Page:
Washington, D.C., July 15, 2007 — IFC is preparing to launch a new Africa Schools Program, a landmark project that was approved by the Corporation's Board in June 2007. The program, based on its successful school projects in Ghana and Kenya, will help IFC increase its impact significantly in Africa by financing a larger number of private schools through local banks.
In the past, IFC was unable to invest in many schools in Africa because our traditional lending instruments exposed them to foreign currency risk. Also, most schools had relatively small financing needs that IFC could not address directly. Today, amid a boom in private education, IFC is finding innovative ways to invest in African schools.
In Ghana, this boom reflects the higher quality of private school education. Of 3.5 million students aged six to 15, about 20 percent are enrolled in private schools. But the ability of these schools to expand operations and upgrade facilities has been constrained by a lack of medium- and long-term financing.
In June 2005, IFC partnered with The Trust Bank Limited to set up a $2.1 million (9.5 billion Ghanaian cedis) risk-sharing facility, which supports local currency lending to private schools to finance construction, other capital costs, and purchase of educational materials. As the schools need help to reach more students and enhance the quality of education offered, IFC has also stepped in to provide a range of advisory services.
To date, the bank has disbursed $1.8 million (in local currency equivalent) to 13 schools in Ghana with a combined enrollment of over 5,000 students. More than 10 other schools are preparing to access funding. The combination of investment and advisory services is proving effective in meeting the demand for private education, especially among lower-income families. The program has considerably expanded school enrollment.
In 2006, IFC applied this approach to Kenya through a partnership with K-Rep Bank. In Kenya too, more and more students are turning to private schools, with a subsequent rise in demand for affordable medium- and long-term financing from private educational institutions that need to expand their facilities.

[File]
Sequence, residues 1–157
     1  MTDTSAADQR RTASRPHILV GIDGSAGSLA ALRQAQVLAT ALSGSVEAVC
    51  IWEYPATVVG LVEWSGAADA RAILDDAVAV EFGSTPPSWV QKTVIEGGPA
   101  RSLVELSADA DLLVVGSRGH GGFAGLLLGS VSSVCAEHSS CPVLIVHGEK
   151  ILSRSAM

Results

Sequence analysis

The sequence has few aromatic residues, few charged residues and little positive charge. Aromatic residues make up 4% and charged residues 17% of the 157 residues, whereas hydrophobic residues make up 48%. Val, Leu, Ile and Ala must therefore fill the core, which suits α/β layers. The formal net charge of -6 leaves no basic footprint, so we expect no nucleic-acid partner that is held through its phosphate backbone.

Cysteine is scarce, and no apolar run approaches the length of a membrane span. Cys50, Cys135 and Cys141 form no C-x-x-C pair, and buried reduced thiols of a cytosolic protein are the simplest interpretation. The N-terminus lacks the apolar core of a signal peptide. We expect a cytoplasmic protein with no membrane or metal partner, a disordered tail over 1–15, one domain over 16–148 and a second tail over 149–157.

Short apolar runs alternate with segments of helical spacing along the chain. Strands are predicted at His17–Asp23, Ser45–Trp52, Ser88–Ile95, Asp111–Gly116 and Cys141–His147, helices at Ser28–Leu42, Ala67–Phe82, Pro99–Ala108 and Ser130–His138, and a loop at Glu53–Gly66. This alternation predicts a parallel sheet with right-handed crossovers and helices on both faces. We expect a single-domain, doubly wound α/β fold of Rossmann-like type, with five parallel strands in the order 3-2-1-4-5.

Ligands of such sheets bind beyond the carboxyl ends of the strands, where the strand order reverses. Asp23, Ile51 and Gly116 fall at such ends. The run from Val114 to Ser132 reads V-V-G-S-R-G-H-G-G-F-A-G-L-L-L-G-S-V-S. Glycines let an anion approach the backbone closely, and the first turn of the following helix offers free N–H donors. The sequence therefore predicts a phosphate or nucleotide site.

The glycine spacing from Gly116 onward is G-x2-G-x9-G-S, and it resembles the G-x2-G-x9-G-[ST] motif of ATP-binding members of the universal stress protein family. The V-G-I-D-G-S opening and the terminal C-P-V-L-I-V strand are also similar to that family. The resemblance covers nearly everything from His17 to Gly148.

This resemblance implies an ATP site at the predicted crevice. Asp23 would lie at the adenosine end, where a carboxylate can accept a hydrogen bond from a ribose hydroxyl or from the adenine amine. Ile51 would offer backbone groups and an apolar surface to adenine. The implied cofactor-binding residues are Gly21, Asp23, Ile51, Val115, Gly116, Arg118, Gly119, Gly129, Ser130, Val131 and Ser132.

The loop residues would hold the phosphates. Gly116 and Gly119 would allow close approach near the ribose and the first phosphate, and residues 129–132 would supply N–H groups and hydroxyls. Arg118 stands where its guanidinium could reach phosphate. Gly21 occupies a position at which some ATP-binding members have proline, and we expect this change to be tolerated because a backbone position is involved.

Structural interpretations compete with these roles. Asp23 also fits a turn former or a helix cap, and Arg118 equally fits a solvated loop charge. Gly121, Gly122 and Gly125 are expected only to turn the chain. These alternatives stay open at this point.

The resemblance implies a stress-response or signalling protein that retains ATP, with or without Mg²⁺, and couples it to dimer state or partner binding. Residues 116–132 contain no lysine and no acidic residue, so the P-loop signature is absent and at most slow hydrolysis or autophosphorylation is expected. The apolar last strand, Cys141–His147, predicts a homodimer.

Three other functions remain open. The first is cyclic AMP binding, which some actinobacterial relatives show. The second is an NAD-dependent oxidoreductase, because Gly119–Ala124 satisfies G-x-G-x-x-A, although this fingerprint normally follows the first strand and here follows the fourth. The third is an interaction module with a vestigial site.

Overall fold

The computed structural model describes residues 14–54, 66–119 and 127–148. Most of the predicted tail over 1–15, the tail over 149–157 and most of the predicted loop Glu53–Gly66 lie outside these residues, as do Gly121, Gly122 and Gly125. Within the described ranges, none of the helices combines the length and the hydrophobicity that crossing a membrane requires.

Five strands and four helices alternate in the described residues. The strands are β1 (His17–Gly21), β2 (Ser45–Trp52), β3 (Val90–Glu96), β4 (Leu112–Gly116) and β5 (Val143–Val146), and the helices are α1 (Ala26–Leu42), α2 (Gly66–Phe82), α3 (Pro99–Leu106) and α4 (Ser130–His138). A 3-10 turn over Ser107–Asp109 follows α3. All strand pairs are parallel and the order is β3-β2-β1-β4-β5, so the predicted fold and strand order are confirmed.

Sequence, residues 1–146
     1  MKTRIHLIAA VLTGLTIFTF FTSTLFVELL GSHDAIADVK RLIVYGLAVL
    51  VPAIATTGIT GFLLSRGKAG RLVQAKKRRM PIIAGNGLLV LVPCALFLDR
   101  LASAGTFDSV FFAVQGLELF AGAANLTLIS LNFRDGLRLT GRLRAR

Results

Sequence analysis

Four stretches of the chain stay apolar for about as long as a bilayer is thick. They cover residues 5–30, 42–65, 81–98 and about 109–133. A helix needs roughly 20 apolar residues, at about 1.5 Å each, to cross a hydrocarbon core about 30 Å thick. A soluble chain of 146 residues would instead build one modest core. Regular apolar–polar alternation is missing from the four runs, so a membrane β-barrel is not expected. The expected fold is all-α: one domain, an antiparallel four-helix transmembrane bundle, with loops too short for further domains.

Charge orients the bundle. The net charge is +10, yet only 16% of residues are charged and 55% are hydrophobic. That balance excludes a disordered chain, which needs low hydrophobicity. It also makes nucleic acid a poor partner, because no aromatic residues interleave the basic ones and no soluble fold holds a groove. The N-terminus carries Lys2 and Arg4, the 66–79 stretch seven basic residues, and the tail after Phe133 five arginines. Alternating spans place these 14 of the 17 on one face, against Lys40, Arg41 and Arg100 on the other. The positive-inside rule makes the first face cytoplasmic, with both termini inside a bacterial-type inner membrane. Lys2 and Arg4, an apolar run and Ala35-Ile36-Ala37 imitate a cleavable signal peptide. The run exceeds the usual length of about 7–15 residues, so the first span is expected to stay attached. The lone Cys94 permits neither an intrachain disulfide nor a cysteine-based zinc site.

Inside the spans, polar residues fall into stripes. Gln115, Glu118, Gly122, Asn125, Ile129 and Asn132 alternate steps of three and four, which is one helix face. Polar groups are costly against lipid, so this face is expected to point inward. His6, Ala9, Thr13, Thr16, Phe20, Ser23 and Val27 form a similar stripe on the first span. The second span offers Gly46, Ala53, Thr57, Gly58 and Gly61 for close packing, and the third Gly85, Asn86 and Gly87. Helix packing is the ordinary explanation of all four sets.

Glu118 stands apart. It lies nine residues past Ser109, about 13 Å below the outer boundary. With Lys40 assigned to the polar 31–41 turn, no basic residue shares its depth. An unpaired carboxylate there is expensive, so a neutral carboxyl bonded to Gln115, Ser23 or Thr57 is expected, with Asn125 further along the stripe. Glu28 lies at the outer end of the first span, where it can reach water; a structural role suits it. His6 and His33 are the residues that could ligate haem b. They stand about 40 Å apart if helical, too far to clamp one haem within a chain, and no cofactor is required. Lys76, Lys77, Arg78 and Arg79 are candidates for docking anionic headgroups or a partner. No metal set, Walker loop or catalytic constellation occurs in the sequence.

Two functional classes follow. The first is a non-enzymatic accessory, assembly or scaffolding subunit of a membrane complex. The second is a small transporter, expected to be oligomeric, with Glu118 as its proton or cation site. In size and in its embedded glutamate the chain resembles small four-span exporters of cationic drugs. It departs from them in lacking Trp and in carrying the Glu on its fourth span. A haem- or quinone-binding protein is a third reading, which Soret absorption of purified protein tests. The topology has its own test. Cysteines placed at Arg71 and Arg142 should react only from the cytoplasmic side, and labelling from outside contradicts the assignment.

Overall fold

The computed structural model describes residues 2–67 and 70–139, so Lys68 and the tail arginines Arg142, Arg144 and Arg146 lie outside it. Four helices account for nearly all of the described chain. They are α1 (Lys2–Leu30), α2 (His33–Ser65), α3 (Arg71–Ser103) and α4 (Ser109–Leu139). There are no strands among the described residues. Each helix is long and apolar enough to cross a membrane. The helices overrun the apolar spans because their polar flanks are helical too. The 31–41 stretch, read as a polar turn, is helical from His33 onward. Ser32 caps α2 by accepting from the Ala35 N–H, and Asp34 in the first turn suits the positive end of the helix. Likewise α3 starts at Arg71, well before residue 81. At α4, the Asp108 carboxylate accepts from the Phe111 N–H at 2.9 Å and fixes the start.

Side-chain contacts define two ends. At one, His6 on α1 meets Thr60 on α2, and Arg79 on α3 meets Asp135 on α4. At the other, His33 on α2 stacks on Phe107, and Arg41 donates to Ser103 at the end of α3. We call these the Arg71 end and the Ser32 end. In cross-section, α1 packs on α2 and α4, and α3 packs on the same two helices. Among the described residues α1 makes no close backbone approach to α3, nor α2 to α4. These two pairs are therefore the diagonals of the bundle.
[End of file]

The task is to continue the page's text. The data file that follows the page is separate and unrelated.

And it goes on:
IFC extended a partial guarantee of up to 120 million Kenya shillings (about $1.7 million) on loans to eligible private schools, including low-income schools. A comprehensive advisory services program is helping strengthen the financial, management, and educational capacities of the schools and also helping develop an independent provider of educational services to private schools. The partnership enables K-Rep Bank to expand and monitor its education portfolio, while developing further expertise in the sector. The bank's risk was reduced by the advisory services provided directly to individual schools.
IFC's Approach Goes Regional
The three-year, $50 million integrated investment in the Africa Schools Program and $6 million in advisory services will cover about 500 schools and over 100,000 students across the continent. It will provide local partner banks with unfunded risk participation facilities in local currency to address the financing constraints of private primary, secondary, vocational, and tertiary schools. Based on IFC's earlier experience, individual loans to schools are expected to range from $1,000 to $500,000 in local currency equivalent.
Commenting on the program, Guy Ellena, IFC Director for Health and Education, said, "IFC is not lending money to banks but sharing their risk, thereby motivating banks to increase lending to schools."
The program has established eligibility criteria for banks and countries, based on existing relationships and other factors. The initial focus will be on 11 countries—Cameroon, Ghana, Kenya, Madagascar, Mozambique, Nigeria, Senegal, South Africa, Tanzania, Uganda, and Zambia—eight of which may not meet the Millennium Development Goal of universal primary completion by 2015.
IFC will design and implement a two-year advisory services program in each country. It will be tailored for each market and include workshops to market the program. Advisory services will provide individual and group training sessions for schools. Topics will include self-diagnostics, business planning, human resources and training management, curriculum and learning management, and marketing.
A local services provider will be taught to deliver school development services and individual training. Partner banks will also be qualified in marketing, credit assessment, and loan screening and monitoring.
World Bank Collaboration
IFC and the World Bank will collaborate to implement the program, ensuring compliance with education sector policies in each country. They will jointly evaluate its impact, increasing the recognition of private schools as valuable stakeholders and contributors to the sector.
Health and Education Department, IFC